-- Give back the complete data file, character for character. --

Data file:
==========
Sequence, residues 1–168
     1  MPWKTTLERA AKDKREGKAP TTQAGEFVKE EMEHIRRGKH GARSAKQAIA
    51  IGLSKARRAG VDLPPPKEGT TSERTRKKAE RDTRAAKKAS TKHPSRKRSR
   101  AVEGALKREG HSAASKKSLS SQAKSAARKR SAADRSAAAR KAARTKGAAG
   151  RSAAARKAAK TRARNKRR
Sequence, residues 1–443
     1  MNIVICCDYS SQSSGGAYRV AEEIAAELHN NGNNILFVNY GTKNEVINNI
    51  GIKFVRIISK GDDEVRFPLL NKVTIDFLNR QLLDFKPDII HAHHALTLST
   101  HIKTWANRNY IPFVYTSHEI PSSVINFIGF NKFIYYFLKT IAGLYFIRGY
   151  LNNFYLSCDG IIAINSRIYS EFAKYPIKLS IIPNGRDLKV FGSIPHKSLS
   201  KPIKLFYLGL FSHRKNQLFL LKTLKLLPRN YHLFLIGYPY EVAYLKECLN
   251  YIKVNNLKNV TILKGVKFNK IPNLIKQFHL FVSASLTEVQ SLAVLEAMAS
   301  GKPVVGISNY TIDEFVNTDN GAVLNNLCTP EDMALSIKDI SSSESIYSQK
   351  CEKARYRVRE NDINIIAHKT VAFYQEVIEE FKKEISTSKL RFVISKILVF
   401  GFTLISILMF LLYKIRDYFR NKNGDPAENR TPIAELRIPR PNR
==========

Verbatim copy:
Sequence, residues 1–168
     1  MPWKTTLERA AKDKREGKAP TTQAGEFVKE EMEHIRRGKH GARSAKQAIA
    51  IGLSKARRAG VDLPPPKEGT TSERTRKKAE RDTRAAKKAS TKHPSRKRSR
   101  AVEGALKREG HSAASKKSLS SQAKSAARKR SAADRSAAAR KAARTKGAAG
   151  RSAAARKAAK TRARNKRR
Sequence, residues 1–443
     1  MNIVICCDYS SQSSGGAYRV AEEIAAELHN NGNNILFVNY GTKNEVINNI
    51  GIKFVRIISK GDDEVRFPLL NKVTIDFLNR QLLDFKPDII HAHHALTLST
   101  HIKTWANRNY IPFVYTSHEI PSSVINFIGF NKFIYYFLKT IAGLYFIRGY
   151  LNNFYLSCDG IIAINSRIYS EFAKYPIKLS IIPNGRDLKV FGSIPHKSLS
   201  KPIKLFYLGL FSHRKNQLFL LKTLKLLPRN YHLFLIGYPY EVAYLKECLN
   251  YIKVNNLKNV TILKGVKFNK IPNLIKQFHL FVSASLTEVQ SLAVLEAMAS
   301  GKPVVGISNY TIDEFVNTDN GAVLNNLCTP EDMALSIKDI SSSESIYSQK
   351  CEKARYRVRE NDINIIAHKT VAFYQEVIEE FKKEISTSKL RFVISKILVF
   401  GFTLISILMF LLYKIRDYFR NKNGDPAENR TPIAELRIPR PNR